Entrepreneur Addiction Podcast #3 — ‘Come On, Open the Hose!’ (Bob Coleman Interview)
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Entrepreneur Addiction Episode #3
Patrick Wiscombe hosts the show each week, covering a wide variety of entrepreneur topics that can help small businesses secure more financing, hire more employees and grow their business. Patrick has had many years in the media, and owns the Patrick Wiscombe Podcast Network.
This episode has a special guest in Bob Coleman, author, frequent guest on Fox Business News, and one of the premier experts in small business lending for the last two decades. He talks about:
- Optimism for small business
- Applying for loans now vs. 5 years ago
- How important is a good credit score?
- SBA vs Conventional Loans.
- Surprising economic success of government spending
- How young entrepreneurs can have success
- Shocking small business stats
- Real-world MBAs
Click below to Play.
Go here to download on iTunes. Click to download the mp3
If you can’t listen to the Entrepreneur Addiction Podcast, here’s the text:
Cool Voice Guy: Fueling your business success, this is the entrepreneur addiction podcast, breaking the small business loan news you need if you obsess about your company. Heard exclusively on Lendio.com. And now here are our your hosts: Brock Blake, Dan Bischoff and Patrick Wiscombe.
Patrick: It’s the entrepreneur addiction podcast. Good morning. My name is Patrick Wiscombe. Thank you as always for tuning us in and taking us along wherever and however you’re accessing the podcast. We’ve got a very special guest this morning. Not only is Brock Black here, the CEO of Lendio, but we also have a gentlemen and author of a book called Money, Money Everywhere But Not a Drop For Main Street: Ten Things You Need to Know to Get a Small Business Loan Today. Bob Coleman author of the book, I understand you’re in San Diego this morning.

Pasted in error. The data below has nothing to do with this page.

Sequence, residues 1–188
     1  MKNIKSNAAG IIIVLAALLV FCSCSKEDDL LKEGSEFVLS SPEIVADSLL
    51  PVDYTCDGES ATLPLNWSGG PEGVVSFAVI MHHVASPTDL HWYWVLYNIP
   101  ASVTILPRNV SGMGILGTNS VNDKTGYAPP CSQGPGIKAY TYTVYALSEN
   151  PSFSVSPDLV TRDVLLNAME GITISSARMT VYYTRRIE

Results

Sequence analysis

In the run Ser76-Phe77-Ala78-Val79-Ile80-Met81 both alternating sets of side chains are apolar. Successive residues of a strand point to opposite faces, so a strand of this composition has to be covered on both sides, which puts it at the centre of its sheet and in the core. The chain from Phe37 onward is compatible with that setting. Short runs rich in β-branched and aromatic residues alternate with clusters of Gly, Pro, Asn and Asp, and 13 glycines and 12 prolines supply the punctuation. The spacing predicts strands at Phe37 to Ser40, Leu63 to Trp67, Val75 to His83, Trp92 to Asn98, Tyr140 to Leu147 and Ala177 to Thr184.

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Bob: I am, Patrick. Thank you very much for having me on your podcast. I’m looking over at the bay, so it’s a rough duty, but someone has to do it.
Patrick: Well, San Diego is one of my favorite places to visit, and especially where you’re staying, I can’t think of a better view.
Bob: I am here speaking to small business development … if you’re listeners don’t know about those entities, they should get to know them very quickly. They are great nonprofit companies that are normally associated with colleges, and they provide a wealth of information, primarily for entrepreneurs in the very early stages.
Patrick: If people don’t know who Bob Coleman, and I know I’m speaking to a very small audience, because there’s a lot of people who do know Bob Coleman, tell us a little about what you do and how long you’ve been associated with small business lending and anything related to money.
Bob: I started right out of college back in the seventies in Southern California as a small business banker, and about twenty years ago I started a newsletter for small business banker about what’s going on in small business lending. And that’s my niche, that’s my passion, I deal with bankers, and we talk about… capital on Main Street. I know that sounds strange, but that’s what we do, and there’s a lot of satisfaction in watching these companies grow.
Brock: You know, I’ve known Bob for a really long time, and he’s the premier expert in the small business lending space. We are very lucky to have him on-board. You know, Bob, you’ve got your daily newsletter that goes out, that I’ve subscribed to for a long time. In fact, I recommend that others do it as well. It just talks about what’s happening in small business lending, and this morning when I woke up and saw on the newsletter some interesting news: Wells Fargo is announcing they’ve putting out about a billion dollars out onto the street via the SBA 7a loan program. And I think that’s the very first time any lender has put a billion dollars out on the street in one year. You know, it seemed like a nice milestone for Wells Fargo.